As consumers seem to get younger and younger, the web and its social networking sites have become important areas of potential growth for brands. Luxury retailers have taken note and are making great strides in getting attention.
“(The web) is very important by the sheer fact people are spending more time online, on Facebook, Twittering,” said Emanuel Ungaro’s chief executive, Mounir Moufarrige.
Design houses including Louis Vuitton, Dolce & Gabbana and Alexander McQueen, streamed their catwalk shows on the Internet at this past September’s fashion week. Facebook is bombarded daily with new brands, including these same fashion houses, whose pages have amassed hundreds of thousands of fans. Quite a few are using Twitter.[more]
Fashion brands have become aware of the power of bloggers, and have made room for them in their front-row seats to try to grab consumers before they visit their stores.
“The more you can open up your brand to the client, the better,” Frida Giannini, a designer fro Gucci, told a conference in Berlin last month.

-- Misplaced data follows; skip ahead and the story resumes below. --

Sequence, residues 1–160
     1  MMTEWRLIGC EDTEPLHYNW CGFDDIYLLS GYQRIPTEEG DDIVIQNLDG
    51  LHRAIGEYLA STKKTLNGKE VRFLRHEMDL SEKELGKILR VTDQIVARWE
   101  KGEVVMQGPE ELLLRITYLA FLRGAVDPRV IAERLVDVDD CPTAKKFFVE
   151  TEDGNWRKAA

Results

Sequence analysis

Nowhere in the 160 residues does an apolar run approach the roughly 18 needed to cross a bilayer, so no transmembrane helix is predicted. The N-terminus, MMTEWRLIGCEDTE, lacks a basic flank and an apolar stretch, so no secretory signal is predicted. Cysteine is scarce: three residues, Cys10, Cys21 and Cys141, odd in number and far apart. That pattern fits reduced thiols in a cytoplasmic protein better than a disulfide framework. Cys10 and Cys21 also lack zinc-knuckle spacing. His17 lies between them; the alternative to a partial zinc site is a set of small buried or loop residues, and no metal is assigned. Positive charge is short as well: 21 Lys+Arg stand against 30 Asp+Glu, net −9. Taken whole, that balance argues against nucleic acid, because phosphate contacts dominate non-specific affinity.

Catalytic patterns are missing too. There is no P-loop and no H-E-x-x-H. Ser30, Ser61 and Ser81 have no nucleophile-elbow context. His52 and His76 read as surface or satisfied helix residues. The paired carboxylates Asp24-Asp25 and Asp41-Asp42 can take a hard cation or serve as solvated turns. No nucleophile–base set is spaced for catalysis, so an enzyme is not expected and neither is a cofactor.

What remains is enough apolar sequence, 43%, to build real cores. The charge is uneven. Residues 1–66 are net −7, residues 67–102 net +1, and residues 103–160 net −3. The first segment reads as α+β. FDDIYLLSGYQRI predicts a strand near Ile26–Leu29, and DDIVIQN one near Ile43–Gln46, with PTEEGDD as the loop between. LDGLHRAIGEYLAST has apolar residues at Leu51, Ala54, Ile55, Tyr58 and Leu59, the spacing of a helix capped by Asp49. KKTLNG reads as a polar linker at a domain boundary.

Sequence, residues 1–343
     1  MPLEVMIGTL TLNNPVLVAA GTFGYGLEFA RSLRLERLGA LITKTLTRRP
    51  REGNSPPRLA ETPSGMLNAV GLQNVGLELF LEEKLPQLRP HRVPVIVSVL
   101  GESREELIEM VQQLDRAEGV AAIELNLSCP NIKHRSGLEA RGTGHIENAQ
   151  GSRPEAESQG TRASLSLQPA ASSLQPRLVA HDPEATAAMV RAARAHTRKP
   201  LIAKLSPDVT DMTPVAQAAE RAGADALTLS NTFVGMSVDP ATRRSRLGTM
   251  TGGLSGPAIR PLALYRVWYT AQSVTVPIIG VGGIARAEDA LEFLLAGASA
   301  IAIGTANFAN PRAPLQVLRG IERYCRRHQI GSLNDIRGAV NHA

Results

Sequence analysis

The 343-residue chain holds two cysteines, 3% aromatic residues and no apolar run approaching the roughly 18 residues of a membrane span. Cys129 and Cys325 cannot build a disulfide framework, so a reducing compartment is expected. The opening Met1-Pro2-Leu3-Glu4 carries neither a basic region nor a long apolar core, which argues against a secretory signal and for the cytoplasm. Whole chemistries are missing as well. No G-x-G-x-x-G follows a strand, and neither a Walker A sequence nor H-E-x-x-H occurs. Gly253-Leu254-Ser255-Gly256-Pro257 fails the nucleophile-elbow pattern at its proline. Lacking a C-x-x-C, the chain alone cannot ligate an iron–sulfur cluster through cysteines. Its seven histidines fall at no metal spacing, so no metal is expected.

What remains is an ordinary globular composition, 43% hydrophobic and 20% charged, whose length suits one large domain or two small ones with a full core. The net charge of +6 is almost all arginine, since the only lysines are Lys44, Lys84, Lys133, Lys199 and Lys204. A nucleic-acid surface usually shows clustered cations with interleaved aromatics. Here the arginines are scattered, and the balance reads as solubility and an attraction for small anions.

By venturing online, designers are able to reach out to their customers directly. Prada is looking to give customers a chance to snag products on their website before they land in stores.
“In five years, 30 per cent of (fashion) goods will be sold on the internet in America,” Prada’s chief executive, Patrizio Bertelli, was quoted in Italian newspapers as saying, without giving a comparitive figure.
Giorgio Armani has a mobile phone platform for e-commerce, With web ventures like Forever21’s magazine and Burberry’s “Art of the Trench” site, brands can’t seem to stop thinking of new online tools with to reel in more customers.